Also, no one ever said, "come back when you're a Rails-powered millionaire, and by the way if you're not one already you'll never amount to anything". That's not what's happening above, at all. I agree, if that were the case, that's boring and unhelpful, but that's not at all what happened. That's too specific. The above took place because of the obvious and unnecessary trickery in the submission - people don't like to be taken as fools.
However, as someone who really does commit to projects (as in, will work on them 6 months after the checks stop rolling in) this list is pretty great. Free traffic from early adopters is a good way to test a new product.
I do think there's a time and a place for this though. Know your market. Free traffic/press is nice, but only if you want a bunch of tech nerds using your stuff.
It s funny too, because people complain about the lack of innovation and/or people not working on hard/meaningful problems, etc. I happen to agree with that complaint, but it boggles my mind that many don't seem to connect it with the lean startup culture. Seems like a pretty natural consequence.
CrunchBase and AngelList are meant to be directories of companies. While side projects often turn into companies, there is a difference at least initially. Uploading a weekend side project to these sites is creating noise rather than signal.
There's nothing wrong with hoping a side project becomes a bigger thing, and using available tools to try to make that a reality. Some side projects do go on to be very successful. Like AngelList.
I think your best bet (based on advice from this site and my own experience) is to find the community most relevant to your product and make sure everyone in that community knows you're launching.
One word of caution: take the comments on Reddit with a grain of salt.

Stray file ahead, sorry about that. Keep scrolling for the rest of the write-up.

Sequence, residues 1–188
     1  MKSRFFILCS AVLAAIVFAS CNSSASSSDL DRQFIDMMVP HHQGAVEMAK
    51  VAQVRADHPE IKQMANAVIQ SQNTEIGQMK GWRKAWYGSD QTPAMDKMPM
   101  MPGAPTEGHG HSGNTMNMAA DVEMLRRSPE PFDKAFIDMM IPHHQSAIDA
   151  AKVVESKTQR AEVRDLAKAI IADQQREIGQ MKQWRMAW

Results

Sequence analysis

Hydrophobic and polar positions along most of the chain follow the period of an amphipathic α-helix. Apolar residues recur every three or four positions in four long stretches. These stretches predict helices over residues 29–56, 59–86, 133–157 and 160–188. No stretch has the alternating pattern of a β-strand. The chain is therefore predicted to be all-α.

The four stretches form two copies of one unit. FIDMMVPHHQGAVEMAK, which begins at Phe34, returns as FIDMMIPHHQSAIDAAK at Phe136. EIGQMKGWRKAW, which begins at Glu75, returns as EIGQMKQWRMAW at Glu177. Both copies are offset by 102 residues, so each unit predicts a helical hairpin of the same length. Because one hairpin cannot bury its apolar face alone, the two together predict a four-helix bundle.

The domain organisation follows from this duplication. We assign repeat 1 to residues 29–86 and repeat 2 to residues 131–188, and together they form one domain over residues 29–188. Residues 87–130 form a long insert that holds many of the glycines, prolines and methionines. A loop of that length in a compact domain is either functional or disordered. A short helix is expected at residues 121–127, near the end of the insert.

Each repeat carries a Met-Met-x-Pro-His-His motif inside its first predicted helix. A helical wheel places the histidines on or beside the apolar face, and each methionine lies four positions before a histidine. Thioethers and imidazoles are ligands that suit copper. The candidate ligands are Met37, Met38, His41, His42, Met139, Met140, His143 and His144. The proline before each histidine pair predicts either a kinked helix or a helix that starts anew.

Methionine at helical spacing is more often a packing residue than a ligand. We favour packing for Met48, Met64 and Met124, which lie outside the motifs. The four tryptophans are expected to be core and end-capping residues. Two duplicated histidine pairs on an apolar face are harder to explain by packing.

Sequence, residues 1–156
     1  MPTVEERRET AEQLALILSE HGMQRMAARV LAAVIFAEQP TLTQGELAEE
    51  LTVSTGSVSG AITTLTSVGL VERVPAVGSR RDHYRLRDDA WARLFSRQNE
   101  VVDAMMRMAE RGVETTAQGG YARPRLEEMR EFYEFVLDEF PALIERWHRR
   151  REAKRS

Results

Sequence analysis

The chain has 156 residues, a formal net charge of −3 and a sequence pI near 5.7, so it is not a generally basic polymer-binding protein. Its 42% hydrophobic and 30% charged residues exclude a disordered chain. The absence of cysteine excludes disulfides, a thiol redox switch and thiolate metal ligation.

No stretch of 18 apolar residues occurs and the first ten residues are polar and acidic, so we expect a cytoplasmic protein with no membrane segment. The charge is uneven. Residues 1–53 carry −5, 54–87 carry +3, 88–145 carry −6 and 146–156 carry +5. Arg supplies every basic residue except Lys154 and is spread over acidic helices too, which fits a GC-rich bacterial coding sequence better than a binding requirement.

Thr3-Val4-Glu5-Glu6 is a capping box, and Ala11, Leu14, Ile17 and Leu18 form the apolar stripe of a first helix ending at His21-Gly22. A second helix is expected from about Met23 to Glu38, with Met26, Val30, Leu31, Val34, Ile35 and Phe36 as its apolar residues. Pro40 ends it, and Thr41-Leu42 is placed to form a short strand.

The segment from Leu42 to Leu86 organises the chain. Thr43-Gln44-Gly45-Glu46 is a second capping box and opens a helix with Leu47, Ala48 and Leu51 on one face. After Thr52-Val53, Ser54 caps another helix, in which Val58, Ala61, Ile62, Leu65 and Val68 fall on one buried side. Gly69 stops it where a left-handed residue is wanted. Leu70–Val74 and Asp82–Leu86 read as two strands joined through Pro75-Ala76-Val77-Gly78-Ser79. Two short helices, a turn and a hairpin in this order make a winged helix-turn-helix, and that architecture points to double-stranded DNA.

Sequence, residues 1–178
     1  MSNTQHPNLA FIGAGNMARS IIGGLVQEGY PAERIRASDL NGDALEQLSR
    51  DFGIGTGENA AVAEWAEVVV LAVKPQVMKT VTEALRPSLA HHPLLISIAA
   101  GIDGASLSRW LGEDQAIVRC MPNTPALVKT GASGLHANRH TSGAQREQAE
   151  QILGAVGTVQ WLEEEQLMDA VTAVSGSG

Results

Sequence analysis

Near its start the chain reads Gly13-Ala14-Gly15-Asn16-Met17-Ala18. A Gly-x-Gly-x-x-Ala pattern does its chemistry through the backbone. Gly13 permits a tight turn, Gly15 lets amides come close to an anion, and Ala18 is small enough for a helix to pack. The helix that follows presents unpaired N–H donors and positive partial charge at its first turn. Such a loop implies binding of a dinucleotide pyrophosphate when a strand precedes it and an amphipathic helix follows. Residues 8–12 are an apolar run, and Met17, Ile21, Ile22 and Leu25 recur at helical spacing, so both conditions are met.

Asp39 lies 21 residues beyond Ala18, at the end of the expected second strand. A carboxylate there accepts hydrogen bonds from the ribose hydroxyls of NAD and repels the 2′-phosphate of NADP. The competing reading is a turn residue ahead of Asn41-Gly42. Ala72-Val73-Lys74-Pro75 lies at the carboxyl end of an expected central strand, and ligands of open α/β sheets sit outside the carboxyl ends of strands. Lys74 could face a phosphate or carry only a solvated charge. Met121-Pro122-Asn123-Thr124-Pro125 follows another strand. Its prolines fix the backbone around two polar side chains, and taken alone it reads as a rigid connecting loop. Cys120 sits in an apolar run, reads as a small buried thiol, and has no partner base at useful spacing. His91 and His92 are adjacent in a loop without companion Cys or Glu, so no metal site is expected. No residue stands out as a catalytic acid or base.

For every decent point, you'll see tonnes of comments like:
It costs too much, charge $0.99/month instead!
I hate it, change x, y, z and make it free and I'll consider it
Which can be safely discarded.
Definitely don't take any criticism received to heart!
Comments are garbage most of the time unless you find some super niche undeveloped subreddit unplagued by the masses, only retaining passionate users.
What happens is a community starts with people passionate about the topic of the community, and then the focus shifts from content to community preservation once the masses leak in and it devolves from there.
Because it's unmoderated for the most part (subreddit moderators don't count, most are bad at what they do, source: most subreddit content is bad), communities quickly devolve into the lowest common denominator of discussion, memes, bad unfunny overused jokes, and puns (which I really don't mind actually).
Sorry, I have a severe distaste for Reddit once I realized how "dumb" it actually is. I realized this when I saw articles posted to Reddit from HN that hit r/all and how different the comments were. Reddit for the most part seems fueled by hormones, HN is level headed.
Edit: Oops. Someone beat me to it.